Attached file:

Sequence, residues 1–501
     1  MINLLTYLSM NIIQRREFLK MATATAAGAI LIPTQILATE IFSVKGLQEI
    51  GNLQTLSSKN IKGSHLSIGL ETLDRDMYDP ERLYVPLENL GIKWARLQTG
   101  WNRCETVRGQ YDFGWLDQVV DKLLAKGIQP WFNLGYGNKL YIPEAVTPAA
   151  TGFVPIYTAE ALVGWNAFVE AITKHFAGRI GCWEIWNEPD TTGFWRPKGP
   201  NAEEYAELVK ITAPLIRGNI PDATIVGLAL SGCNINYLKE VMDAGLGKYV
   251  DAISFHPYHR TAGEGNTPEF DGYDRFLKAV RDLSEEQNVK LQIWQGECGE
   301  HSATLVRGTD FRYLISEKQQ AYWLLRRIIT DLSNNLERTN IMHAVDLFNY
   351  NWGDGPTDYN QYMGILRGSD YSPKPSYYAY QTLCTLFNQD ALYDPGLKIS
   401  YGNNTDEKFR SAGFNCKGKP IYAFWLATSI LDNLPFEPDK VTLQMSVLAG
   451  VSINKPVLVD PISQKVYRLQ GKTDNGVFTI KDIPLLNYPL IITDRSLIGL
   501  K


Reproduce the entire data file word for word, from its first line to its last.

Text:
Sequence, residues 1–501
     1  MINLLTYLSM NIIQRREFLK MATATAAGAI LIPTQILATE IFSVKGLQEI
    51  GNLQTLSSKN IKGSHLSIGL ETLDRDMYDP ERLYVPLENL GIKWARLQTG
   101  WNRCETVRGQ YDFGWLDQVV DKLLAKGIQP WFNLGYGNKL YIPEAVTPAA
   151  TGFVPIYTAE ALVGWNAFVE AITKHFAGRI GCWEIWNEPD TTGFWRPKGP
   201  NAEEYAELVK ITAPLIRGNI PDATIVGLAL SGCNINYLKE VMDAGLGKYV
   251  DAISFHPYHR TAGEGNTPEF DGYDRFLKAV RDLSEEQNVK LQIWQGECGE
   301  HSATLVRGTD FRYLISEKQQ AYWLLRRIIT DLSNNLERTN IMHAVDLFNY
   351  NWGDGPTDYN QYMGILRGSD YSPKPSYYAY QTLCTLFNQD ALYDPGLKIS
   401  YGNNTDEKFR SAGFNCKGKP IYAFWLATSI LDNLPFEPDK VTLQMSVLAG
   451  VSINKPVLVD PISQKVYRLQ GKTDNGVFTI KDIPLLNYPL IITDRSLIGL
   501  K